This is the equation for resistivity. The fancy letter at the beginning that looks like a p is in fact the Greek character rho, and stands for resistivity, the R is resistance, the A the cross-sectional area of the material under consideration and the fancy l underneath the length of the material. You can also define rho as the magnitude of the electric field measured in Volts per metre divided by the magnitude of the current density measured in Amperes per square metre. If you want to. Not many people do.
These people get paid for this, and so not content with embuggering the concept of resistance they also came up with the idea of looking at it the opposite way round and calling it conductivity. Conductivity is the reciprocal of resistance and is expressed:
The fancy letter at the front is the Greek letter sigma but k is often used as well. The unit for conductivity is often introduced to third-form schoolboys by the physics teacher before the biology teacher has done human reproduction as the physics teacher knows that if he does it afterwards the class of thirteen-year-old boys will dissolve into uncontrollable gales of laughter and he or she might just as well dismiss it for the rest of the afternoon. It is the Siemens per metre. Nice one, Clive.
All of the above means for us that our FSR plugged into our Arduino gets less resistive the harder we press, or as Clever Clive and the Sciency Misfits would point out, more conductive the harder we press. Oomlout say the resistance goes from infinite at air pressure to about 250 ohms at 100 Newtons, which is about
10 kg or if like me you're old enough to be working in pounds and ounces 22lb. Oomlout are usually very good at working this sort of thing out and so that's the figures we'll go with.
Like all sensors, it doesn't work just on its own. I know the following is in the same spirit as rubbing salt in the wounds, but now it's time to talk about voltage dividers. If you don't know what a voltage divider is, look here:
So, before you actually fall asleep on the keyboard of your computer, I promise that is the end of the underlying theory. No more Joules per dustbin lid or Amperes per jar of jam, just what it does and how to do it. We'll start with a wiring diagram:
And so, you can see the concept of the voltage divider here at work. Look where the lower leg of the FSR is and it's in the same conductive path as the 10k resistor, and the green wire makes a tap at the junction feeding analog 0. The 10k resistor is at the same time reliably pulling analog 0 low, a neat solution all round. Upload the following code to your board, open the serial monitor and put your finger on the active pad of the FSR and apply gentle pressure, gradually increasing. Then take your finger off and do it again.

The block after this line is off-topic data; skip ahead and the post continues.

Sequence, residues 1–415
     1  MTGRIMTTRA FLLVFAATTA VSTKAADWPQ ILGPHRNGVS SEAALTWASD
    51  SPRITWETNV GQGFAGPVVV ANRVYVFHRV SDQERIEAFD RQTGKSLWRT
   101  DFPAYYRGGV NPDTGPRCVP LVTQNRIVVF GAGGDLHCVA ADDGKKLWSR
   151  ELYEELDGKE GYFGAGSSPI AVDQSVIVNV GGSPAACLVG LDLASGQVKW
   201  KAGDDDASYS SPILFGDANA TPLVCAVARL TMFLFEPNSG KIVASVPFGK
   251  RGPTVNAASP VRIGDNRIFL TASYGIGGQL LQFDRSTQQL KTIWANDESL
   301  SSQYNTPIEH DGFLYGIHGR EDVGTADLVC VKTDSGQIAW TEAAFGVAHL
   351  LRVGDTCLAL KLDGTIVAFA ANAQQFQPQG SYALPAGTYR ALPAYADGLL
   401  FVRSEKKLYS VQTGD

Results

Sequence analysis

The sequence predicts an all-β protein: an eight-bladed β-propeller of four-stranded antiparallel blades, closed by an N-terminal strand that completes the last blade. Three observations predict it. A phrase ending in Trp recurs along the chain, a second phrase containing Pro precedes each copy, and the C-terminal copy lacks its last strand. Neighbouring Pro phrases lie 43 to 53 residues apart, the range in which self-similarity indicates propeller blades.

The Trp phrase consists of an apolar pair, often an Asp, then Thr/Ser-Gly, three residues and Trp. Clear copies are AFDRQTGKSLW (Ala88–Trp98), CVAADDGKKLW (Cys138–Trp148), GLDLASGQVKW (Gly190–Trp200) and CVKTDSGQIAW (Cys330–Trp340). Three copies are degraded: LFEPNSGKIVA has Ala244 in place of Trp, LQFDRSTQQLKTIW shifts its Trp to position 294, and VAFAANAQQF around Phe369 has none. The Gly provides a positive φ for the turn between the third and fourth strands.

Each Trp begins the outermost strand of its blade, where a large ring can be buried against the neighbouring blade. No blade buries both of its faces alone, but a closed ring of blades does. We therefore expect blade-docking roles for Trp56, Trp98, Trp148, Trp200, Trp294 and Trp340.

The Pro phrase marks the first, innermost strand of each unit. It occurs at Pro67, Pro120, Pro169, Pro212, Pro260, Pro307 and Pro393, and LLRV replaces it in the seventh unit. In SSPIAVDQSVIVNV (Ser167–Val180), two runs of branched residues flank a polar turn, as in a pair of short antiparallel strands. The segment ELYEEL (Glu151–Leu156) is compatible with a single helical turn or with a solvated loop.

Done it? You probably, by pressing hard, got the reading up to about 900 or so. This is a digital reading of the analogue voltage coming in at pin A0. Since there's ~ 4.9mV per digital step, this represents about 4.4 V. Let's see if the theory bears it out
Vout = (R2/R1+R2)Vs
Hmmm. Where's that 0.5 V gone? Could be a misapproximation in the readings, could be the resistors aren't quite the values we thought, might be the effect of the breadboard, who knows? It's close enough in any case to prove our theory works and we'll take a digital reading of 900 to be a full press.
And that leaves us the question as to what we can do with it. The most common application for FSRs is in the form of a switch. It's not accurate enough for scales or strain gauges, but what it can do is let a light touch turn things on and a heavy one turn them off or vice-versa. It can be used as collision sensor in slow-moving objects.
The short video above illustrates the former principle outlined above. You'll see that to turn the LED on, I need to apply quite a lot of welly to the FSR, but to turn it off again I only need the gentlest of touches. Here's the wiring diagram:
And some code, which as always, we analyse over the page.